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Finnish Pavilion Venice, Venice Biennial 2014, Alvar Aalto Venice Biennial, OOPEAA Office for Peripheral Architecture, Finnish architecture, wooden architecture, wooden pavilion Venice, traditional building techniques, natural lighting, art installation Venice, Finnish architects, Shenzhen BI-CITY Biennale

The installation curated by Ole Bouman and Juulia Kauste aims to respond to the Biennale’s theme, which focuses on the timeless basics of architecture. The two wooden structures were built by Finnish and Chinese teams-the project was developed in collaboration with theShenzhen BI-CITY Biennale of Urbanism\Architecture (UABB)-and are presented in front of the pavilion designed by Alvar Aalto in 1956. Their simplicity strikes up a complex dialogue between architects and local builders and embraces an appreciation for traditional building techniques.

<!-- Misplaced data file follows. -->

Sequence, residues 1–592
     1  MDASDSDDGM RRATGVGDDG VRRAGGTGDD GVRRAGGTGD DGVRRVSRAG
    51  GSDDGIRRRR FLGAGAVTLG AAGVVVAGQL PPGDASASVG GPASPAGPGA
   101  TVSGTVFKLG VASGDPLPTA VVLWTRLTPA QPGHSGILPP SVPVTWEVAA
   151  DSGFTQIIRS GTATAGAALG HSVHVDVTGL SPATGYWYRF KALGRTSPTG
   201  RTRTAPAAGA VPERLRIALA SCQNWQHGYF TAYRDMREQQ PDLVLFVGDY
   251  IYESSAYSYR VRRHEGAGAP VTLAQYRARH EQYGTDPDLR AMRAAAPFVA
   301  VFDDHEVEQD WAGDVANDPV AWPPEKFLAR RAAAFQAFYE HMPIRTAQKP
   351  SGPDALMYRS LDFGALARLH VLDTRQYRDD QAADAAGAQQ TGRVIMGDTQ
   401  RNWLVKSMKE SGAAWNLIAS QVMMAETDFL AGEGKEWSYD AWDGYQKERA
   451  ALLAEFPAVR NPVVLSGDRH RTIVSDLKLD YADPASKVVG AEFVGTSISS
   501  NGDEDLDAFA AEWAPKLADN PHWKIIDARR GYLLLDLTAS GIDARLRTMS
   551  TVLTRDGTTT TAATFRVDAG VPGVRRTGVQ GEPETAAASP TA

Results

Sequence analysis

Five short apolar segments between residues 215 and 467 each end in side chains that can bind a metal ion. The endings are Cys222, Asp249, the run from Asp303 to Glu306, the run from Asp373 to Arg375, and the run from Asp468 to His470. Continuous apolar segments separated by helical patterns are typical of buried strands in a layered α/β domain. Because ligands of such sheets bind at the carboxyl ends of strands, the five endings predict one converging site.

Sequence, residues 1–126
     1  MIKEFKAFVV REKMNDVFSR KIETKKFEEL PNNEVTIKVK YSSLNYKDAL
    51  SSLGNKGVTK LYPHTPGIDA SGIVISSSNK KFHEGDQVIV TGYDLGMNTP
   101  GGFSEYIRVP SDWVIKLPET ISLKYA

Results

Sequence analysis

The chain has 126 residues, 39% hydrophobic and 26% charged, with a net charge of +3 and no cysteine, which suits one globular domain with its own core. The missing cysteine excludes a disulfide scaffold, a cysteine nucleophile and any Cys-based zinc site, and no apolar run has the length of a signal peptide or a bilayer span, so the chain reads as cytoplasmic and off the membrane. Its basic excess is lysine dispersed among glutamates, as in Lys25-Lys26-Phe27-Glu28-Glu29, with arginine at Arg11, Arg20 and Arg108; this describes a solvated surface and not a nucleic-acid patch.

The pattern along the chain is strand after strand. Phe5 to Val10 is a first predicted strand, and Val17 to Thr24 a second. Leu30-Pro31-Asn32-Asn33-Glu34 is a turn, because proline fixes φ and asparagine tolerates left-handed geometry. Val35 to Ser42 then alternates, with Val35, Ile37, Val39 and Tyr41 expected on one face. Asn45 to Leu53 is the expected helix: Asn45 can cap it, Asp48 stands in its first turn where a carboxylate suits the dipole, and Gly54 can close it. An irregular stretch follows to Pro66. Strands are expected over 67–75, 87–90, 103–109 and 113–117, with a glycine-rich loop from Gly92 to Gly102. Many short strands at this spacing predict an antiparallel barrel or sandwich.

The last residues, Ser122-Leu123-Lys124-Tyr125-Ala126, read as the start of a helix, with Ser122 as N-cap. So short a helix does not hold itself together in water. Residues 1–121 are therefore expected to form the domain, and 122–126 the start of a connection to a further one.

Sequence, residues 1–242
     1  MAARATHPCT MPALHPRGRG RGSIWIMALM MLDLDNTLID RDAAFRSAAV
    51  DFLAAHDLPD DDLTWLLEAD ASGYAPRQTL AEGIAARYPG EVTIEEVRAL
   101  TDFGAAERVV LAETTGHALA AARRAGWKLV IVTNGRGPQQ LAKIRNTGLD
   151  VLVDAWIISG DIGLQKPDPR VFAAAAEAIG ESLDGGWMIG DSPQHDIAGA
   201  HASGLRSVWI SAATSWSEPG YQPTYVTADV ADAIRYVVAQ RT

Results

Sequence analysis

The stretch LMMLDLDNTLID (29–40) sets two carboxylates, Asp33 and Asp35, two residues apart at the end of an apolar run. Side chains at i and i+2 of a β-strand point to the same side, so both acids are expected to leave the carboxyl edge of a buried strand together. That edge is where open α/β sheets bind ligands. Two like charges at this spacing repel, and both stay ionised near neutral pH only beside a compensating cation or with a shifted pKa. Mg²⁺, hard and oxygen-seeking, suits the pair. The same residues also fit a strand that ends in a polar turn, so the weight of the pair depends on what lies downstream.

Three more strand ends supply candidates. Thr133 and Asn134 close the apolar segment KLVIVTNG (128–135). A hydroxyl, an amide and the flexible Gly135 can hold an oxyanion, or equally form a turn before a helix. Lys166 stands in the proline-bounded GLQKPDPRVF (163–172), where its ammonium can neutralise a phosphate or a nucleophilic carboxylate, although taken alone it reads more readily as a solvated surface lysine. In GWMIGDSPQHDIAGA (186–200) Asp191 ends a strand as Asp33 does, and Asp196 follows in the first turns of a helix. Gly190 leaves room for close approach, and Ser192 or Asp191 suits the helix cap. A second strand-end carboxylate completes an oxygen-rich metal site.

Related: Zaha Hadid and Leading Architects Design Antarctica’s First Pavilion for 2014 Venice Biennial

The theme of Absorbing Modernity, set by the Biennale’s curator Rem Koolhaas, is addressed by establishing the connection between new structures and the famous Finnish Pavilion. The Pavilion’s use of material and natural lighting is revisited by embracing the concepts of modularity and traditional construction processes. Located at the opposite entrances of the Pavilion, the Finnish and the Chinese installation add a new perspective to the reading of modernist architecture.

+ OOPEAA Office for Peripheral Architecture

+ Shenzhen BI-CITY Biennale of Urbanism\Architecture (UABB)

+ Inhabitat’s Coverage of the 14th International Architecture Exhibition in Venice